|Born: November 11, 1912|
Norway, Iowa, U.S.
|Died: June 18, 1979 (aged 66)|
Cedar Rapids, Iowa, U.S.
|September 11, 1933, for the Cleveland Indians|
|Last MLB appearance|
|September 27, 1946, for the Chicago White Sox|
|Runs batted in||1,012|
|Career highlights and awards|
Harold Arthur Trosky Sr. (born Harold Arthur Trojovsky; November 11, 1912 – June 18, 1979) was an American professional baseball player. He played in Major League Baseball as a first baseman for the Cleveland Indians (1933–1941) and the Chicago White Sox (1944, 1946). Trosky, who had a career batting average of .302, is notable for being the 1936 American League RBI champion as a member of the Cleveland Indians. He was inducted into the Cleveland Indians Hall of Fame in 1951.
Trosky was born in Norway, Iowa. He batted left-handed and threw right-handed.
Trosky had a career .302 batting average, with a high of .343 in 1936. He hit 228 career home runs and had 1,012 RBIs. He had 1,561 career hits. His 216 HRs with the Indians ranks him fifth on the team's all-time list, behind Earl Averill, Manny Ramirez, Albert Belle, and Jim Thome. In his rookie season, 1934, he finished second in the AL in RBIs (142) and third in hits (206) and home runs (35). His 374 total bases set a rookie record that has since been tied by Tony Oliva in 1964. Trosky's best numbers came in his third full year in the major leagues, 1936, when he led the American League in RBIs and total bases. His 162 RBIs also set a team record that stood for 63 years, while his 405 total bases that year remain a franchise best. He also had a career-high 42 home runs, .343 batting average, 216 hits, and a .644 slugging percentage. Despite being hailed as the next Babe Ruth, he is widely considered one of the best players to never make an All-Star team. The reason for this omission was the ill-fortune of being an American League first baseman at the same time as Hall of Fame first basemen Lou Gehrig, Jimmie Foxx and Hank Greenberg.
Starting in 1938, Trosky started experiencing near constant migraine headaches, which began to affect his vision. After nearly being hit by a pitch, he announced on July 12, 1941, to Indians manager Roger Peckinpaugh and reporters, "a fellow can't go on like this forever. If I can't find some relief, I'll simply have to give up and spend the rest of my days on my farm in Iowa." Trosky told a sportswriter in February 1942 that he had visited doctors in several American cities for help with his headaches but found none. He revealed that he had told the Indians that he would be retiring but may seek to return to baseball if his condition improved after a year of rest (as it would turn out, the migraine pain would eventually be lessened with daily vitamin B-1 shots and a lessened intake of dairy products).: 115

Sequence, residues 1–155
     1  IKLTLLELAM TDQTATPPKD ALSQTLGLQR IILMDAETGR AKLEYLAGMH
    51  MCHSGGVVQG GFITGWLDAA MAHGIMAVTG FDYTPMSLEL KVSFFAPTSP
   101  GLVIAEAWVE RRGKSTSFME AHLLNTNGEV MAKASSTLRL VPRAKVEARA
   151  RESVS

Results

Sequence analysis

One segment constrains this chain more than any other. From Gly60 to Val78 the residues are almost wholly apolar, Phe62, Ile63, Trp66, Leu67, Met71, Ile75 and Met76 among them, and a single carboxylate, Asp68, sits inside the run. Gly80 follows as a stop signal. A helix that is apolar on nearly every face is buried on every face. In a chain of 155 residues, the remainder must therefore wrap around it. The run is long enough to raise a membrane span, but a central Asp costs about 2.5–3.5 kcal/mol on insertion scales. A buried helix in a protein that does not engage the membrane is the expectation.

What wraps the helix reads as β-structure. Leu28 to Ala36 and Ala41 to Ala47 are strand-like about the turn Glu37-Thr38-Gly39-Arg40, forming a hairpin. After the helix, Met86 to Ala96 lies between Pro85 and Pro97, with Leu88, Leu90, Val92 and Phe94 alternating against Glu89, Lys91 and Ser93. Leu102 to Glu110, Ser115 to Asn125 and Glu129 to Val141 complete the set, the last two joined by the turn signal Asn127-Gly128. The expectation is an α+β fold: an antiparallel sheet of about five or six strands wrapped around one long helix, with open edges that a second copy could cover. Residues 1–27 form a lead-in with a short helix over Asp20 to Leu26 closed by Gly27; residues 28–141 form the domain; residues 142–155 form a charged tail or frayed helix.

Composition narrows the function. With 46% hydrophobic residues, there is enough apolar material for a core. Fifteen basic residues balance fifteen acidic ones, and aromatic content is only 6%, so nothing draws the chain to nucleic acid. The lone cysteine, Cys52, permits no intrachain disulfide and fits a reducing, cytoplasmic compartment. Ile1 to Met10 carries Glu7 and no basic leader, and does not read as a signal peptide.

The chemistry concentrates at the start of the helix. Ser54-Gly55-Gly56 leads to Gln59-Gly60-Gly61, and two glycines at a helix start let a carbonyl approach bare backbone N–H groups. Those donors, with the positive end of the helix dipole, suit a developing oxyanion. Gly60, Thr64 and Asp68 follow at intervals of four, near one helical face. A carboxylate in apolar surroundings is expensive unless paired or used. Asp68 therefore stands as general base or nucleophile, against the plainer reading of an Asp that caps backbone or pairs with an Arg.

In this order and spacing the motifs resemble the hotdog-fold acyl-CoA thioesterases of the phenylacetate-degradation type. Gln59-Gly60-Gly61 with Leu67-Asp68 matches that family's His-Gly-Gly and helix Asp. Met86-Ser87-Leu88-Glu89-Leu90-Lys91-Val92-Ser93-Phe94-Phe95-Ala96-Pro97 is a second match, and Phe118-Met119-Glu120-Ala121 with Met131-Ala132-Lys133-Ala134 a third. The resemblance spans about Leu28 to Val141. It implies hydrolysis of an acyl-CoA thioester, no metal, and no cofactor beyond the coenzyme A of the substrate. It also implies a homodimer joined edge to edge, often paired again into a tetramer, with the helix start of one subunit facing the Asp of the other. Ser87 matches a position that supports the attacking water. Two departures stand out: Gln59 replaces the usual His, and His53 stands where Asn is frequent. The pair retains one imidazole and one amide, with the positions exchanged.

After being deemed unsuitable for service in World War II due to his migraines, Trosky returned to baseball with the Chicago White Sox in 1944, playing with the team for that year before taking 1945 off and returning to play for one final year in 1946.: 119 Trosky retired in 1946 at age 33, although he dabbled in semiprofessional baseball as a manager in 1947 along with serving as a scout for the White Sox until 1950 before he left each position to focus more time on his farm. He eventually took up real agricultural real-estate sales along with serving as a lecturer from time to time with the Iowa High School Baseball Coaches Association.
His son, Hal Trosky Jr., pitched briefly (three innings) with the White Sox in 1958.